Thursday, October 28, 2010

100 Projects or Bust

So, after reading Toni's latest post, wherein she does the unforgiving math on just how many knitting days there are left in the year, and further points out that some of those days are holidays, which tend to take up a lot of time that can't be devoted to craft projects, I stared in the mirror and asked, 'why did I sign on for this again?'. And, because I'm silly that way, I answered myself.

Me: Why did I sign on for this 100 projects-in-a-year challenge?

Robin: You thought it would be fun.

Me, weakly: Really?

Robin: Sure. And besides, last year you only made what, around 35 FOs? This year, you're already over 70. If you stopped right now, you'd be twice as productive as last year. Doesn't that mean anything?

Me: It would mean I'm a loser. The challenge was 100 projects.

Robin: You made ten FOs in January, and you have over two months left. It's still doable.

Me: But six of them were fingerless mitts. And some of those were for children! And my first FO, the sweater, was three-quarters done!

Robin: Picky. There's nothing to stop you from knitting 27 pairs of fingerless mitts for the win.

Me: That would be dumb.

Robin: Your mother is already over a hundred projects for the year. And her list included 24 quilts!

Me: She's retired! Besides, I have a bunch of stuff I want to knit that I have materials for.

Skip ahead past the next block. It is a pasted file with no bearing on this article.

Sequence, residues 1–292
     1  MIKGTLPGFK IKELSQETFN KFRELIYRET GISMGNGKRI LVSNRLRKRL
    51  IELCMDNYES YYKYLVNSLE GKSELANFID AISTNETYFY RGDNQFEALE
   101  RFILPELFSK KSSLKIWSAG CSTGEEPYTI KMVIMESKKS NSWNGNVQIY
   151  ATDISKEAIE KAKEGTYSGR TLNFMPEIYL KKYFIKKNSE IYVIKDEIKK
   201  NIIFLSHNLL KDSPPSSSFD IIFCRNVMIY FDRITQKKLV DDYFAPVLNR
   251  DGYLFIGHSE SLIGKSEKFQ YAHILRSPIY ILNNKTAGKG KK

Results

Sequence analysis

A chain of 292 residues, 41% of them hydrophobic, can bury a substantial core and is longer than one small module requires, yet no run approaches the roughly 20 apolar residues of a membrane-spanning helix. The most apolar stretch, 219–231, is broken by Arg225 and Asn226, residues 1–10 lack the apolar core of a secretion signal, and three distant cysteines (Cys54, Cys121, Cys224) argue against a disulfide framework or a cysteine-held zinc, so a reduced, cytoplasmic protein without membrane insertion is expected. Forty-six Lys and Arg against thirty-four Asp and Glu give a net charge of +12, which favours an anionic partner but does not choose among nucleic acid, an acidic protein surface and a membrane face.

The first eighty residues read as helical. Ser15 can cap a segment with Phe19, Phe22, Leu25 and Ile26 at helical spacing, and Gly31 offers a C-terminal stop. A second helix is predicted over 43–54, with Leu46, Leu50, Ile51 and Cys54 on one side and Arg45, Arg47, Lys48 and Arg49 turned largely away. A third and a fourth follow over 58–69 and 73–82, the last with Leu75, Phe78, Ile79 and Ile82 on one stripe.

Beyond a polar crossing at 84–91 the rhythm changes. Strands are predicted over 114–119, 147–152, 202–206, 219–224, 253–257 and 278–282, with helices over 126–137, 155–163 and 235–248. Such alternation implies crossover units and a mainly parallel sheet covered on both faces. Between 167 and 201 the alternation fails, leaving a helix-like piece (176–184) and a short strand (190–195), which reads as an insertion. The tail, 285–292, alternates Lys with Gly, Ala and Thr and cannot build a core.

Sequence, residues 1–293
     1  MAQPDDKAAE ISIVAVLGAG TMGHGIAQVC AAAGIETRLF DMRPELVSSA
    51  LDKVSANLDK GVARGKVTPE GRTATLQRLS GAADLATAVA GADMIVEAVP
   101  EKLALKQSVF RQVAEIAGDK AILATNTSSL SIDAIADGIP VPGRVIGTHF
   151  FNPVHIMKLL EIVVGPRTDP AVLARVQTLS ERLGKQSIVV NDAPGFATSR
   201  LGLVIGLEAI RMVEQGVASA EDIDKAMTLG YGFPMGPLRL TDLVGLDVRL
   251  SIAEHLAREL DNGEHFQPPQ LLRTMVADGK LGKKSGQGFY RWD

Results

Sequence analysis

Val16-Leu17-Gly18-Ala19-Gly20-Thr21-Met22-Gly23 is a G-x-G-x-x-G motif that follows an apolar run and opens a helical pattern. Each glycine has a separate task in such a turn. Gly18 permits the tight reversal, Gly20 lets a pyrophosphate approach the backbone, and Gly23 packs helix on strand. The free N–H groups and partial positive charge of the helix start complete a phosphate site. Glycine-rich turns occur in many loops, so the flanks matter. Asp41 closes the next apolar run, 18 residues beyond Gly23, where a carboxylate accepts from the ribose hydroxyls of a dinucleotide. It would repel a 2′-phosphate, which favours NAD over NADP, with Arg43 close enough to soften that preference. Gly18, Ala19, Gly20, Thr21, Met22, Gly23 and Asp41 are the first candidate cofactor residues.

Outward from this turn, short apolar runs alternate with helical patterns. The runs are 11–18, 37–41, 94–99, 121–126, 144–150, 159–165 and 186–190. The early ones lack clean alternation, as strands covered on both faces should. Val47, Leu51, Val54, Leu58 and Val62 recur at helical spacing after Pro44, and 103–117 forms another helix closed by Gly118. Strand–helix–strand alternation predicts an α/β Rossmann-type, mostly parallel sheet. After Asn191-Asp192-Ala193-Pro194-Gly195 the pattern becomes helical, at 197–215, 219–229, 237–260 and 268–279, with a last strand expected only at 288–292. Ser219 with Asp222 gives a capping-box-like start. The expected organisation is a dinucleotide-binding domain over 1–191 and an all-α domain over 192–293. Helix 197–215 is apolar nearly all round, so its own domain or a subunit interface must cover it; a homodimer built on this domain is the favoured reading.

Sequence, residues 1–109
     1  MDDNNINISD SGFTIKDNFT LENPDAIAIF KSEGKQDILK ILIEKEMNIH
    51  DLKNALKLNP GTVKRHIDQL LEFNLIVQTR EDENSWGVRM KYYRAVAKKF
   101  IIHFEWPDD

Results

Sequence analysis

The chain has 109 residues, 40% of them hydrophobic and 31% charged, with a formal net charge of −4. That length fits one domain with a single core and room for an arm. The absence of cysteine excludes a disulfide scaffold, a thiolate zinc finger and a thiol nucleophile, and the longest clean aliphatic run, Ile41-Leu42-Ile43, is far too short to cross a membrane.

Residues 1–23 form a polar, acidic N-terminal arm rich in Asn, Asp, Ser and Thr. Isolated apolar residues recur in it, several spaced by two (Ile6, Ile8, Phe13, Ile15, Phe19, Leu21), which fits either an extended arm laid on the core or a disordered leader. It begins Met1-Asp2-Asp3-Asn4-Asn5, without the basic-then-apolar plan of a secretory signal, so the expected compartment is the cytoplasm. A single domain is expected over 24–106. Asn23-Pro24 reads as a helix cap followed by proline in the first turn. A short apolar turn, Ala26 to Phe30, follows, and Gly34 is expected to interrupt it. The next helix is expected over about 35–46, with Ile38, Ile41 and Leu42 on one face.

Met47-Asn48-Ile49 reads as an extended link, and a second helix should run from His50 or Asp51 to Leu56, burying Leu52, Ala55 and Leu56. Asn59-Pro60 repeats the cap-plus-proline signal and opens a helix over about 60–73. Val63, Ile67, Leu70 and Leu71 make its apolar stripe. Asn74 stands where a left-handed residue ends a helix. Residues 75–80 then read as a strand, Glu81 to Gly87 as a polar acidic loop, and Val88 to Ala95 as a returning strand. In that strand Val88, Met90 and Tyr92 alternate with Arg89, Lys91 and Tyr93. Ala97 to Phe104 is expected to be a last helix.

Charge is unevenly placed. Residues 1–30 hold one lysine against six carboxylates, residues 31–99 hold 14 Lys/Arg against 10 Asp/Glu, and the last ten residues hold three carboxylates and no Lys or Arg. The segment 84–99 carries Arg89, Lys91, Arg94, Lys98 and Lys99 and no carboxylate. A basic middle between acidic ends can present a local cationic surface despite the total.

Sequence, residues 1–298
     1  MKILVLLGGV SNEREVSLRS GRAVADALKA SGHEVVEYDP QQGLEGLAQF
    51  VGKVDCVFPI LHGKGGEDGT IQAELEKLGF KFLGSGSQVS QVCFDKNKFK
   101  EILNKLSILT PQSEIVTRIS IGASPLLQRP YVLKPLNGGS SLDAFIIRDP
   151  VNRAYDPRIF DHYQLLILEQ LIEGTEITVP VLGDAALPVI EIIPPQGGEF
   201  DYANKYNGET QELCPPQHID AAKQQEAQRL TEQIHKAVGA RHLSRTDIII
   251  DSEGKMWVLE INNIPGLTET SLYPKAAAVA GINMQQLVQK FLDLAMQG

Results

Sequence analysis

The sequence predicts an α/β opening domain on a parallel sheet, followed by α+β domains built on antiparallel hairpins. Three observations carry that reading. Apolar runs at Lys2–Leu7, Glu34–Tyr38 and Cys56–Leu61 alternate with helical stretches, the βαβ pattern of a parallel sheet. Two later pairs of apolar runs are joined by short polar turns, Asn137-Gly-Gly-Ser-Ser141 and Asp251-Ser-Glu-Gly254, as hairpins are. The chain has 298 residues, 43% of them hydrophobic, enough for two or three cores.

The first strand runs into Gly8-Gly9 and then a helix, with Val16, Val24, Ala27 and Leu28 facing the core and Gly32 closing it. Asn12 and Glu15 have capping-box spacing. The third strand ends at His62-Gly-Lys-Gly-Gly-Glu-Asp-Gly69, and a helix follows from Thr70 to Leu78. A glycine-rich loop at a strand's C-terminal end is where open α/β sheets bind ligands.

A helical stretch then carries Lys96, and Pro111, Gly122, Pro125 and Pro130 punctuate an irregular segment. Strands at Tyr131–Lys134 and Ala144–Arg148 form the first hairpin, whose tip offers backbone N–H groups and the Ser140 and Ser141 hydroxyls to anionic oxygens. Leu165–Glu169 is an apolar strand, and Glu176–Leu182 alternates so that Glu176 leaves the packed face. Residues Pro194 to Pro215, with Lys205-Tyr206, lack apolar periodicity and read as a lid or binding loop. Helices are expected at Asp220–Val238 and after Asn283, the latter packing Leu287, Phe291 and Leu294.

Robin: Then why are you talking to me? Knit, already.

Don't you just hate it when you argue with yourself and lose?

So, I took inventory of my planned projects. While I'm not abandoning any of them, it's clear that I'm going to have to work in some more mitten and smaller projects if this is going to work. So with that in mind, I stopped by Joann's the other night and got some more mitten yarn. A lot of the miscellaneous worsted I'm given tends to be light colors, which is not ideal for mittens (hence the attack of pink and yellow hats you've been seeing on the blog). Anyway I picked up a couple of darker (and not incidently more colorful) yarn to liven up the mitten knitting experience. Hence:
Note: the color on these is not true. These are so bright I think the camera sensor was dazzled.

Yet more mittens. I may wind up knitting until the giant apple falls on New York, but at least I'll go down fighting crafting!

Wednesday, October 27, 2010

Houston, We Have Mittens!

Okay, that's hardly a shocker around here. But after the part where I got partway into the mitten, redesigned it, knit my own pattern wrong, ripped it, reknit it again, screwed up the tip shaping, ripped it and an inch short of mitten one started having that uneasy feeling that I was running out of yarn... well. This particular pair of mittens feels like an accomplishment!
gray stranded mittens

(Thanks, Mom, for the save on the yarn!)

Monday, October 25, 2010

Nothing But Sky Blue